There really are multiple variables to consider, too, such as motivation for going to school, course of study, type of work one is doing while in school and how important that is to one, one's health, and whether one has intense other commitments such as family or artistic performances, etc. In my case, majoring in English (Creative Writing/Poetry) and then a Second BA in Music right after that, both are understood to be reflective, artistic career paths, in which an individualized relationship with time is just fine, including in the eyes of grad school. A Business or Science Degree Program might have a very different expectation regarding appearances and career plans, however.

Again, each person's path is unique. Being a life-long learner, health willing, helps make each day bright and meaningful.

suzettenaples profile image

suzettenaples 4 years ago from Taos, NM

Terrific advice and suggestions on becoming a re-entry student. This is so informative and interesting and full of great common sense. I always say it is never to late to get a college education and each person should do it when and how it is best for him/her. Each person should try to reach their potential in life and I'm glad to see it worked out and well for you. Kudos to you, because it is more difficult to study and complete a program later in life. And, then sometimes you have more time to put into your studies. This is quite an inspirational piece and I enjoyed reading it!

healingsword profile image

healingsword 4 years ago from California Author

Hi Suzettenaples, Thanks for reading and for your praise. This Hub is based on what I learned in my own journey as a re-entry student--though going to college later in life was hard in many ways, I benefited from it profoundly. It helped me open to the world, discover and train in artistic talents that now bring me so much joy, learn computer and writing skills and gain professional office experience as a student assistant, learn to tutor others and then to teach, and generally brightened my view of the world and humanity through interacting with smart/brilliant and idealistic people who were helping others learn and grow. I wish higher and continuing education were easily available to all people everywhere, and high quality. Developing one's potential brings meaning to life and gives people so much more to offer.

Bert 4 years ago

I'm back in school at 49 years for my first BA in Jazz Performance. Even though it is stressfull, exhausting, and terrifying it is also thrilling and quite literally saving my life. Finances are hard. I am working about 24 hours a week this semester (2nd) and even though I have a decent paying job, with living expenses taking most of my pay, I don't see being able to pay for college with my salary even though it is a fairly cheap state university. I am single and live modestly. Also if one makes any sort of decent salary, grants and the like are not really going to pop up. I am finally looking into scholarships and just really need to find the time and energy to apply. So I am doing it with loans at the moment. I know I shouldn't and I hate it. Luckily I was able to pay off my car loan and some other debt recently. That took a load off.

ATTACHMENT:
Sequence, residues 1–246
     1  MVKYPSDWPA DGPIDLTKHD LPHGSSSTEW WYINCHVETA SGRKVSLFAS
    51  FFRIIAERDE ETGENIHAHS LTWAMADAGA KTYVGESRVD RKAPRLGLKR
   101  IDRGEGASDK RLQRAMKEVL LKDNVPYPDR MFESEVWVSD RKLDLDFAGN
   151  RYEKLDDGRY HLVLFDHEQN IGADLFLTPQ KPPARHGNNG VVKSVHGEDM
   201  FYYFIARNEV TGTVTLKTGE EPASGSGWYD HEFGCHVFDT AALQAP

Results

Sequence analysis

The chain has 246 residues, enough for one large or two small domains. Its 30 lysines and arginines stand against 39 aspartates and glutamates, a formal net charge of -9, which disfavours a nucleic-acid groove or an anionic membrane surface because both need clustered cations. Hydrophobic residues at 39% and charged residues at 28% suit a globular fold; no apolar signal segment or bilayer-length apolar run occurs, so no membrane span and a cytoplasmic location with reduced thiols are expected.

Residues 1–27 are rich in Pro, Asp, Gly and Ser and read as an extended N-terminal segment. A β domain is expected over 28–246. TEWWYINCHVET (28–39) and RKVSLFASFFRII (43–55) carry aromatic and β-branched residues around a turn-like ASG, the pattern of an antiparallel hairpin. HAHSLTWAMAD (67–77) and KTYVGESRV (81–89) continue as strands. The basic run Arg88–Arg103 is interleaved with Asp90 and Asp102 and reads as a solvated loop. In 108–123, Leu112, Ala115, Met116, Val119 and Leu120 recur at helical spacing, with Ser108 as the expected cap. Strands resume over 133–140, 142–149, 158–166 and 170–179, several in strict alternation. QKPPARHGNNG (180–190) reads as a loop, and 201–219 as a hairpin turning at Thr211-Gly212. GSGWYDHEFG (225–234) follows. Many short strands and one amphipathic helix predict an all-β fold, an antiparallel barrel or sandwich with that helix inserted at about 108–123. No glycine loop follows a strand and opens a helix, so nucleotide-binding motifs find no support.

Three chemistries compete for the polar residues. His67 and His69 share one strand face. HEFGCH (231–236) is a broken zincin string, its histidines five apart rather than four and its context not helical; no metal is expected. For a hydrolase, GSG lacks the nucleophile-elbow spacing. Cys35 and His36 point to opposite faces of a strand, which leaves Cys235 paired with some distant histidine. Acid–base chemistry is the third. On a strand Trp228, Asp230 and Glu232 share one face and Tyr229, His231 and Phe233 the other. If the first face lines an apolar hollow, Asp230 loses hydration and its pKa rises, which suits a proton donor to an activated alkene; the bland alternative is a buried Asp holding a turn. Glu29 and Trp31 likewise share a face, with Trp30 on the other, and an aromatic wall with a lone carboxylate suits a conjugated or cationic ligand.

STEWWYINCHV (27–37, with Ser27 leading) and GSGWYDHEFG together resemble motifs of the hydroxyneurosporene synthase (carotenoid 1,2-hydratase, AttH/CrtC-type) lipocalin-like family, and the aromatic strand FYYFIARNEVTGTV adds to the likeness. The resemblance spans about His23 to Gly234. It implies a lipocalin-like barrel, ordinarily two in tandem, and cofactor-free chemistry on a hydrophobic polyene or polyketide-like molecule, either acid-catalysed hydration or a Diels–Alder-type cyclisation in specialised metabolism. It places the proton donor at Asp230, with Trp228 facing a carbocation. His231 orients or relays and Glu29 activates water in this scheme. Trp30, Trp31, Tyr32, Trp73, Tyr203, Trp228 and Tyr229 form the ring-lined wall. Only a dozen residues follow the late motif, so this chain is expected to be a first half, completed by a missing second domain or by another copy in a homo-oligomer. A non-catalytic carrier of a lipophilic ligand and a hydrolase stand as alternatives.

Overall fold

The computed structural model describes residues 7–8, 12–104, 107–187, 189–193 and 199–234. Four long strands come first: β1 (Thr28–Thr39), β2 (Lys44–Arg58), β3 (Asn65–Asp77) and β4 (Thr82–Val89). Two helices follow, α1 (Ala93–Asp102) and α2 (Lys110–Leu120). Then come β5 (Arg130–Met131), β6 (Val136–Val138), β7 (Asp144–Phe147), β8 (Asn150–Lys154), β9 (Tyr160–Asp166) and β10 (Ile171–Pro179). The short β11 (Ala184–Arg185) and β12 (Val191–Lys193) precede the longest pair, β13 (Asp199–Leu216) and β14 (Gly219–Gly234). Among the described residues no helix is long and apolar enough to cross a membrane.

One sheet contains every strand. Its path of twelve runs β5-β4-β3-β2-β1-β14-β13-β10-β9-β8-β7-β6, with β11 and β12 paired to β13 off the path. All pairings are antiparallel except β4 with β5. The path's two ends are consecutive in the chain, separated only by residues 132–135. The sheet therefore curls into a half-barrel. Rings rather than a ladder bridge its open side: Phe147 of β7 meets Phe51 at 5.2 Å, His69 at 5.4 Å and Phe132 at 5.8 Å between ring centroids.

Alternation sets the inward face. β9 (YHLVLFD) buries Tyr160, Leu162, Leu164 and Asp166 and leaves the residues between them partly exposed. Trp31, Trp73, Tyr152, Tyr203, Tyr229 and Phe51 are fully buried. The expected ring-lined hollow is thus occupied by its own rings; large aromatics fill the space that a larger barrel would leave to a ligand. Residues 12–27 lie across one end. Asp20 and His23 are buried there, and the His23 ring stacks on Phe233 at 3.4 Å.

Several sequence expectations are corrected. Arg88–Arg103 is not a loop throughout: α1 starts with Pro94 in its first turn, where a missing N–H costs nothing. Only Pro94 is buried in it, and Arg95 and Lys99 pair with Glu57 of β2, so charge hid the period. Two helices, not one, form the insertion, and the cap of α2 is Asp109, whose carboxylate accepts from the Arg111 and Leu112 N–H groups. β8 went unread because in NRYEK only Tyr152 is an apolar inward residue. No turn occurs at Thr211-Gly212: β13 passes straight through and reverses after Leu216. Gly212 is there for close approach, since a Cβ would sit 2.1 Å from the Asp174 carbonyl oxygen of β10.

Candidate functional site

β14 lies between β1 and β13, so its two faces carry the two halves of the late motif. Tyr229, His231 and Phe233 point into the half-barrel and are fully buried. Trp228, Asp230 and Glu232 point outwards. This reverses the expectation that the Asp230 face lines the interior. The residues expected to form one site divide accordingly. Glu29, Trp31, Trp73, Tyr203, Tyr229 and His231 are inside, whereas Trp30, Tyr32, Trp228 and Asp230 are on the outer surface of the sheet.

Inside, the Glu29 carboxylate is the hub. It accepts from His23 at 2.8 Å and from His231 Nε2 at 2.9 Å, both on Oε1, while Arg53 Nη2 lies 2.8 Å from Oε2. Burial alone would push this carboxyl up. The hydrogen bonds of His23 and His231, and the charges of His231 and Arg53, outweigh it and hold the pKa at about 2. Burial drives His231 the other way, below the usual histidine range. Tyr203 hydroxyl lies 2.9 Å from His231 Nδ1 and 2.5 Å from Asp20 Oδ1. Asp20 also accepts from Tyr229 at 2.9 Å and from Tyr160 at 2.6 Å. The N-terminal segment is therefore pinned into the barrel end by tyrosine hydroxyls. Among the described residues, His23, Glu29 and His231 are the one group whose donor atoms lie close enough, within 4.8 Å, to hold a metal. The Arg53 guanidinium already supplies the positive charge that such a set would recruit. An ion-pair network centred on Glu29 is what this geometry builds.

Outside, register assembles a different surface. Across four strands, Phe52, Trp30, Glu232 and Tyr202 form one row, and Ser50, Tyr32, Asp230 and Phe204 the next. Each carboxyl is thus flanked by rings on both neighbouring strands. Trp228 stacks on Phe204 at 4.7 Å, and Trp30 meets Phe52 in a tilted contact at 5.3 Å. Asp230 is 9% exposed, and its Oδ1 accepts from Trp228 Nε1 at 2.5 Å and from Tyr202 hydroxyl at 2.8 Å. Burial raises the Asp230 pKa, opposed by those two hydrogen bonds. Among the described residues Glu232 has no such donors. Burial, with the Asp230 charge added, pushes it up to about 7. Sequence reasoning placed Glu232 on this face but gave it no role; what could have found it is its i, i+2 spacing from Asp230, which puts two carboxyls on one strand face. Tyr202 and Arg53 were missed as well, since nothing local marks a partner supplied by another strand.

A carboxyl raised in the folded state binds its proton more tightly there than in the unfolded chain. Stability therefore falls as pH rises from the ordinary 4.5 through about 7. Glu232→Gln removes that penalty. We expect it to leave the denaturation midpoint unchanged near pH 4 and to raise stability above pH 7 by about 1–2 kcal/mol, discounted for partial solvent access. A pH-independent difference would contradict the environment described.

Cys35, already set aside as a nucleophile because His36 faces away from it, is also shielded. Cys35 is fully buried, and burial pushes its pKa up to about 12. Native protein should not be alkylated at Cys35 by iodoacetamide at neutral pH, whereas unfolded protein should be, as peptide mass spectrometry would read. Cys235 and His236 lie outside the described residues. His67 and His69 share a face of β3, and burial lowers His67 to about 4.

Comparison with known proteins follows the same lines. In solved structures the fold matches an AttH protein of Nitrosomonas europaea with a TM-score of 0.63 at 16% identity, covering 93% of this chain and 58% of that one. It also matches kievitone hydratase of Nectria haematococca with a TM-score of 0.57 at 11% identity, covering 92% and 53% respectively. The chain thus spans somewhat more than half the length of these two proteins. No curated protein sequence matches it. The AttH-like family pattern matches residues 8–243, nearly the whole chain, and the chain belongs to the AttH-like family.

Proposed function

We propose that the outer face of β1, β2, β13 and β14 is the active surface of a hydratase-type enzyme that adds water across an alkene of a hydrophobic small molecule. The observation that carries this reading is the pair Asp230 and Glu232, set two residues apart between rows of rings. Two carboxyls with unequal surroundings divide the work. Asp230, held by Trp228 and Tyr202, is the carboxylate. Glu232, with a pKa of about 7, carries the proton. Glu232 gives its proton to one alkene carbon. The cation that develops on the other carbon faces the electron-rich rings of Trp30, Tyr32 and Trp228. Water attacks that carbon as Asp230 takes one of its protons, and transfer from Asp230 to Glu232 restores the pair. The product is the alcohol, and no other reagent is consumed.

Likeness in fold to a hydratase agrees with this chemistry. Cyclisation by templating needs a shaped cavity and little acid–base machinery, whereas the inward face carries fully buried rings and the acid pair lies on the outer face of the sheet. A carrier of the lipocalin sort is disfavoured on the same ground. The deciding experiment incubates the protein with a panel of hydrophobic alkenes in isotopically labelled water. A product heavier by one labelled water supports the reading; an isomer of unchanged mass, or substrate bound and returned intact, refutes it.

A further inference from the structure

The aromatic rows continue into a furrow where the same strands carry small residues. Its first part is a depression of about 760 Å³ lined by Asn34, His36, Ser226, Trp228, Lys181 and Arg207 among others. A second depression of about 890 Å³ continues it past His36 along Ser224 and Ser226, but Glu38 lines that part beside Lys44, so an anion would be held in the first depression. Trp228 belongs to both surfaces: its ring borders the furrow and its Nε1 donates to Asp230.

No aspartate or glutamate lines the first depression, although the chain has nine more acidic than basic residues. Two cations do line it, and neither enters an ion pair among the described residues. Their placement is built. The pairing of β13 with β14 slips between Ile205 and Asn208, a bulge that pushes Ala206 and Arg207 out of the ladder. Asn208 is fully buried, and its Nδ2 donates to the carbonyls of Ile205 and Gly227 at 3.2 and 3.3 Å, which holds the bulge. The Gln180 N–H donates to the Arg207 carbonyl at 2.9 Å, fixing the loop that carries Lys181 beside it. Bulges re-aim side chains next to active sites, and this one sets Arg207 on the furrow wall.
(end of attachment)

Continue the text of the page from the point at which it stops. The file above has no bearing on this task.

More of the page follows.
One problem I have is just having enough energy to do the work. I do not have the energy I did when I was 20 and like the author says adequate sleep is a must. I get by with decent grades but I feel like I am not able to practice my instrument as much or do the classwork as much as I should. They really pile it on.

healingsword profile image

healingsword 4 years ago from California Author

Hi Bert,

Thanks for visiting my Hub and commenting! Congratulations on returning to school, and I am inspired to read you are majoring in Music, Jazz Performance, no less! What is your instrument, or is it voice? I understand your post, and really feel as if I've walked in your shoes. Kudos to you for following your passion and dream, and for sharing your musical gift with others.

Maybe you can find extra work on campus? Perhaps you can choose work study in your financial aid package, as well, rather than loans? Summer camps often hire music counselors. Going part time some semesters helped me. Try talking with your advisers and financial aid counselors about how to manage with as little debt as possible.

I know what you mean about wanting to practice more, and how demanding the curriculum can be. You can do it! Even practicing 30-60 minutes a day will make a huge difference.

Are you thinking about going for a teaching credential in Music, or do you have another career plan for using your degree?

Good luck to you!

Bert 4 years ago

Hi thanks for the response. My instrument is the double bass.

Work study on campus is possible. Right now I go to my regular job before, between, and after class. I don't know what the benefits of work study are. My impression is that I am better off sticking to my cube job for the money. But I really have not looked into it other than checking the box on my FAFSA. For fall and spring my only option was loans because I made too much money in 2011, which was not really all that much, to get grants. I made considerably less money last year because I was in school so we'll see if that makes a difference this year. But your right I should go talk to financial aid and my advisor.